Tropical Storm Pabuk (2019)

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Pabuk about to hit the Malay Peninsula on January 4

Tropical Storm Pabuk, also referred to as Cyclonic Storm Pabuk, was a weak storm that hit the Malay Peninsula in January 2019. It was also the earliest storm in both the Western Pacific and North Indian Ocean basins on record. Forming on the last day of 2018, Pabuk went into 2019 and crossed into the North Indian Ocean basin several days later. The first storm of the 2019 Pacific typhoon and North Indian Ocean cyclone seasons, Pabuk first appeared as a tropical disturbance in the South China Sea on December 28, 2018, which organized into a tropical depression on December 31.

Storm history[change | change source]

Track of Pabuk

A tropical disturbance formed over the southern portion of the South China Sea on December 28, 2018,[1] absorbing the remnants of Tropical Depression 35W (Usman) on December 30.[2] Under high vertical wind shear, the low-pressure area remained messy until December 31 when it was upgraded to a tropical depression by both the JMA and the JTWC.[3]

Under good conditions, including warm sea surface temperatures, good outflow but strong vertical wind shear, Pabuk did not manage to intensify further for another two days until it started to move west-northwestward and entered the Gulf of Thailand on January 3, where vertical wind shear was slightly weaker.

Soon after Pabuk crossed over into the basin, the IMD started to make warnings on the storm, making Pabuk the earliest-forming cyclonic storm for this basin, as well as the first cyclonic storm with a name originally assigned by RSMC Tokyo.[4] Over the few days days, Pabuk continued moved west-northwestward, before weakening into a well-marked low on January 7. The system's remnant low then turned to the northeast. Finally, it disappeared on January 8.

Impact[change | change source]

The storm caused 10 deaths in total, and total damages were estimated to be ~$157.2 million (2019 USD).

On Thailand, 8 of the 10 people were killed with many trees downed. Elsewhere, many people were forced to evacuate coastal areas of Thailand. In Bangkok, rain and storm surge flooded roads in the large city. [5] Pabuk killed 8 people in Thailand, including one Russian tourist.[6][7]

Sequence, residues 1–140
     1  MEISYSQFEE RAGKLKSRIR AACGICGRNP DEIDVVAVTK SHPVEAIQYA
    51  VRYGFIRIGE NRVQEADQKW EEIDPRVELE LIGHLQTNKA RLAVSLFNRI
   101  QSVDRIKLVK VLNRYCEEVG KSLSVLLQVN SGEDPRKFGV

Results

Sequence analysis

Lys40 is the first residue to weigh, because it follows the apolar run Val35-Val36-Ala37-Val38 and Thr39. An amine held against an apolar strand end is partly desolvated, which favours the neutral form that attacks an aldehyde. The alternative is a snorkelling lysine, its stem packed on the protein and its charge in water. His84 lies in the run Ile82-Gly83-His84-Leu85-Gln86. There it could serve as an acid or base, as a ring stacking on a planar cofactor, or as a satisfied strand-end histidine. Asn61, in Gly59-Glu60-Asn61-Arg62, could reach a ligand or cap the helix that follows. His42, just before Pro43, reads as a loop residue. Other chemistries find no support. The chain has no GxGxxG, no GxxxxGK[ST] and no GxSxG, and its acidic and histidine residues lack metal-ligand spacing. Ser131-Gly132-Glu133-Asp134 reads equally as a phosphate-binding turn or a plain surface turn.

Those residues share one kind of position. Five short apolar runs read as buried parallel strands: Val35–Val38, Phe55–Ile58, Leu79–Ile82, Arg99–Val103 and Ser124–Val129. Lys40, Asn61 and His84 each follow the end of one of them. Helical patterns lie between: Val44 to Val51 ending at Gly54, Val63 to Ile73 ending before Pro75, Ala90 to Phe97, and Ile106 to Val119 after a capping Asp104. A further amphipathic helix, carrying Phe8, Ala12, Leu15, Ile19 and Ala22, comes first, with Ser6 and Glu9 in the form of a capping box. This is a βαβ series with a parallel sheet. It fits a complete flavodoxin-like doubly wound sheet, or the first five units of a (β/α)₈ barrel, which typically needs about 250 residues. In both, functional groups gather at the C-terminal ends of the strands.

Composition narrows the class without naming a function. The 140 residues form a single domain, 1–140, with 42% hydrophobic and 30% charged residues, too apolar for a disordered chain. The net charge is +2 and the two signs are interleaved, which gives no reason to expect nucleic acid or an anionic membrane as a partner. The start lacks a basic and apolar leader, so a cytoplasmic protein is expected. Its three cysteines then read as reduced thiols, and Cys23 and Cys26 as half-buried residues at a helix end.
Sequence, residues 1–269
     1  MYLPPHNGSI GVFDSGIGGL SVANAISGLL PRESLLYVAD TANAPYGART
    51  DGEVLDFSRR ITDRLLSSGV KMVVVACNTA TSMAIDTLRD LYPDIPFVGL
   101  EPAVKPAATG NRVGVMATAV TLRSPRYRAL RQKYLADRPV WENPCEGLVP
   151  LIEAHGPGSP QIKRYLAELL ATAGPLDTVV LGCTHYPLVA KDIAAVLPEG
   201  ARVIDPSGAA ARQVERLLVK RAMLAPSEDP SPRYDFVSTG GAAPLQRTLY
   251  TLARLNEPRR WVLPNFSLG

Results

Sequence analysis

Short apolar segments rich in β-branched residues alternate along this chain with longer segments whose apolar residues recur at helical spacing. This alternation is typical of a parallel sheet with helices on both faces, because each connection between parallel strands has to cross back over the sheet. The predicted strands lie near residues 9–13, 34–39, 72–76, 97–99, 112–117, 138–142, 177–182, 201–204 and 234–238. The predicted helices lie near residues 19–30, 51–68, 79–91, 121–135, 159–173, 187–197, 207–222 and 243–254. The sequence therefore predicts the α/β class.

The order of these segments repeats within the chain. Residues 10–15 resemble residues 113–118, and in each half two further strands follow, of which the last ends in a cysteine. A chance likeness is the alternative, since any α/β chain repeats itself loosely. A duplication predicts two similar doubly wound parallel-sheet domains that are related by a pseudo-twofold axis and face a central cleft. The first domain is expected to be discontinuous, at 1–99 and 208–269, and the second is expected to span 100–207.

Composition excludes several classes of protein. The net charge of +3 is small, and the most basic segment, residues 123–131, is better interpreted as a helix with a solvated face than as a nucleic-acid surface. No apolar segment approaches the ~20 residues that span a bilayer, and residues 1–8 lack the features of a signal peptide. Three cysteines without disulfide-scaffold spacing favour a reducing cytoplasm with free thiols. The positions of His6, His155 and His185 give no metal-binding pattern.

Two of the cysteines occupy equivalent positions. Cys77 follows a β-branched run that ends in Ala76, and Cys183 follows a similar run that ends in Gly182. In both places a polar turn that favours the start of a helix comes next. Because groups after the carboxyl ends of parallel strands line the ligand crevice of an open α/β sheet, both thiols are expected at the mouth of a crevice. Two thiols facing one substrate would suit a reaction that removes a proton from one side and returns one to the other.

Related pages[change | change source]

Sources[change | change source]

  1. "97W INVEST". United States Naval Research Laboratory. 28 December 2018. Archived from the original on 1 January 2019. Retrieved 1 January 2019. Cite uses deprecated parameter |dead-url= (help)
  2. "Tropical Depression 35W (Thirtyfive) Warning Nr 023". Joint Typhoon Warning Center. 30 December 2018. Archived from the original on 1 January 2019. Retrieved 1 January 2019. Cite uses deprecated parameter |dead-url= (help)
  3. "WTPQ20 RJTD 310600 RSMC Tropical Cyclone Advisory". Japan Meteorological Agency. 31 December 2018. Archived from the original on 2019-01-01. Retrieved 1 January 2019. Cite uses deprecated parameter |dead-url= (help)
  4. "Tropical Cyclone Advisory Bulletin No. 1" (PDF). India Meteorological Department. 4 January 2019. Archived (PDF) from the original on 6 January 2019. Retrieved 6 January 2019. Cite uses deprecated parameter |dead-url= (help)
  5. Kocha Olarn (5 January 2019). "Storm kills 3 in Thailand, moves into Andaman Sea". Cable News Network. Retrieved 7 May 2019.
  6. "Thai preparedness limits Pabuk damage". The Thaiger. January 11, 2019. Retrieved January 11, 2019.
  7. Panpetch, Sumeth (January 3, 2019). "Thailand braces for powerful storm at southern beach towns". Associated Press. Retrieved January 4, 2019.